Nunavut Legislative Assembly gets back to work today

Nunavut's Legislative Assembly building in downtown Iqaluit on Feb. 6. The winter sitting begins on Wednesday. (David Gunn/CBC - image credit)
Nunavut's Legislative Assembly building in downtown Iqaluit on Feb. 6. The winter sitting begins on Wednesday. (David Gunn/CBC - image credit)

Nunavut's lawmakers are back in the Legislative Assembly on Wednesday to begin the winter sitting. The three-week session will largely focus on the government's operations and maintenance budget for next year, set to be tabled on Thursday.

The government plans to introduce six bills this session, which runs until March 16.

"Four of which will be money bills, so dealing with budgets, and two will be non-money bills," said government house leader David Joanasie.

Matisse Harvey/Radio-Canada
Matisse Harvey/Radio-Canada

He said one of those "non-money bills" will come from Human Resources Minister Margaret Nakashuk, though he declined to get into more details about it.

Joanasie, who also serves as the minister for Community and Government Services, says many other of the government's priorities will be reflected in the budget, notably with regards to Nunavut's rising fuel prices, which falls under his portfolio and has impacted his department's operations.

"Maintaining government assets and buildings and all the schools and health centres and whatnot," Joanasie said. "The cost to maintain them has increased. So that be will an area that I'm prioritizing."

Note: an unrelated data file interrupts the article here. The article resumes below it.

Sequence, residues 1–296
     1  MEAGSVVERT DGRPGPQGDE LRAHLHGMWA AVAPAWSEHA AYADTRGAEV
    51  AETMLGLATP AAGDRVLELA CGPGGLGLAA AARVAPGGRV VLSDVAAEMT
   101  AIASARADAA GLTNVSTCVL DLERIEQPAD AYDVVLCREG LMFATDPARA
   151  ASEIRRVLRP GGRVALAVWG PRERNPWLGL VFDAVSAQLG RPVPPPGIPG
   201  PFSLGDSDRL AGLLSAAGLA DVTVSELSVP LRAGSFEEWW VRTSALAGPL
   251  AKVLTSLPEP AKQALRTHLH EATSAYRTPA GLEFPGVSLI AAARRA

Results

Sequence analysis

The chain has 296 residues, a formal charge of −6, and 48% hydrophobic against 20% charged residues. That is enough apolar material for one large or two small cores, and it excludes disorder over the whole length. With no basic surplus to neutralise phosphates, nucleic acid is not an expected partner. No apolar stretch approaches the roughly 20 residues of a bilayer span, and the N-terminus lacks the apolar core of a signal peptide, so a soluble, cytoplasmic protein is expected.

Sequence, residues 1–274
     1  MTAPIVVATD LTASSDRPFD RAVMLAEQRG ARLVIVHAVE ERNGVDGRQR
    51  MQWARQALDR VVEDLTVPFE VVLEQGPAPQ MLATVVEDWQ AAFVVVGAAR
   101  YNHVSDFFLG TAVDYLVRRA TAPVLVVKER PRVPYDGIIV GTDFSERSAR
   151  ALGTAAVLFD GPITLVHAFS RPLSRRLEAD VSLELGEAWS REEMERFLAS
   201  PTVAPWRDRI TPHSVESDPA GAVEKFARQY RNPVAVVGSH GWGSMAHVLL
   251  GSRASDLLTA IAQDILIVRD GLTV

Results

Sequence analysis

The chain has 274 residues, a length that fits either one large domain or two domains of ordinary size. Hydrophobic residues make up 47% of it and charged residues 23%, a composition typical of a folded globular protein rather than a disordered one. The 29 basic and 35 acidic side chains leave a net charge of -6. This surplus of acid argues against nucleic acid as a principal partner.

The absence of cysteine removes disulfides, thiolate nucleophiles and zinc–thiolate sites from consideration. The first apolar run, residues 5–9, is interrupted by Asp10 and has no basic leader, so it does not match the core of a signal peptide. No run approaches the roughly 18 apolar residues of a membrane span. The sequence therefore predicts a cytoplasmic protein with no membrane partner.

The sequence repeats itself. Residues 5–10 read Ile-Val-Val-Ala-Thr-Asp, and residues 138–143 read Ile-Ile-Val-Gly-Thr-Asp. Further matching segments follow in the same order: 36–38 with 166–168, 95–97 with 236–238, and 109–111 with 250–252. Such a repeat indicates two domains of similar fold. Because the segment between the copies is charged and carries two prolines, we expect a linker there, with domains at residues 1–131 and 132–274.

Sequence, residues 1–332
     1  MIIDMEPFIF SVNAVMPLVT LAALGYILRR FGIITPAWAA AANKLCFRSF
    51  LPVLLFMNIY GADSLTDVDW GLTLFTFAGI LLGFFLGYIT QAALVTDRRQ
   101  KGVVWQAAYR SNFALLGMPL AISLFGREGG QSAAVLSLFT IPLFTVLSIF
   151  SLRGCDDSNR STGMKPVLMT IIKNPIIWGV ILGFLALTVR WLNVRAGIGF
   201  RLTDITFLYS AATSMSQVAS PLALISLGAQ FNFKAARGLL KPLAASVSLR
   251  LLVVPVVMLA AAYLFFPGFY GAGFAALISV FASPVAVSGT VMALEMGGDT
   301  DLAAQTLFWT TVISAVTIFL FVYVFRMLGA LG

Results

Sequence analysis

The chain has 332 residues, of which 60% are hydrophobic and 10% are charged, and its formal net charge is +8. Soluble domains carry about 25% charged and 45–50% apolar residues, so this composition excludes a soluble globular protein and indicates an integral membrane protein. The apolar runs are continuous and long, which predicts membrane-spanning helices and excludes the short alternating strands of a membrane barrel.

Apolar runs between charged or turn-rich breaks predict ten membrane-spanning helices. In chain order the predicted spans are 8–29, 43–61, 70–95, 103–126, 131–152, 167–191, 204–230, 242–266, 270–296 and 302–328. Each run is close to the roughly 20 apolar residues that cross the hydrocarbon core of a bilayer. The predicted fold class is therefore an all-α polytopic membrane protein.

Federal health transfers

Iqaluit-Tasiluk MLA George Hickes has several topics of focus in the coming weeks, including housing and the territory's health care struggles — files he's familiar with as the former minister of Health and of the Nunavut Housing Corporation.

Earlier this month, the three territories signed off on a deal from the federal government which saw a boost to the territorial health transfers, but fell short of what the premiers had asked for.

Hickes is expecting more details on what impact this new deal will have on Nunavut's health care system.

"I think obviously one of the biggest challenges with healthcare delivery is the staffing levels. So I'm very interested to see what the department of health will be able to do to meet their goals and staffing levels across the territory," Hickes said.

The chair of the regular members caucus, Solomon Maliki, says he too has questions addressing Nunavut's healthcare challenges.

"It's hard to say because we wanna see a lot of more progress with health, so it's very hard to say right now," Maliki said, adding, among other things, he's concerned about the lack of services for medical travel patients.

David Gunn/CBC
David Gunn/CBC

Housing and police services

In terms of housing, Hickes hope to circle back to the Nunavut 3000 strategy, an ambitious plan from the Nunavut Housing Corporation and Inuit-owned NCC Development Limited (NCCD), to build 3,000 homes by 2030.

Where the money will come from for such a plan, however, is still unknown.

"I'm looking forward to seeing how that is going to be implemented," Hickes said.

Hickes is also expecting an update from the justice minister on an agreement Nunavut struck with the federal government in November to build on the First Nations and Inuit policing program — which should help recruit more Inuit officers to Nunavut's RCMP force over the next three years.

Hickes says there are still several outlying questions on the agreement, notably what kind of impact the deal will have on the justice department's budget and on the territorial policing contract with the RCMP.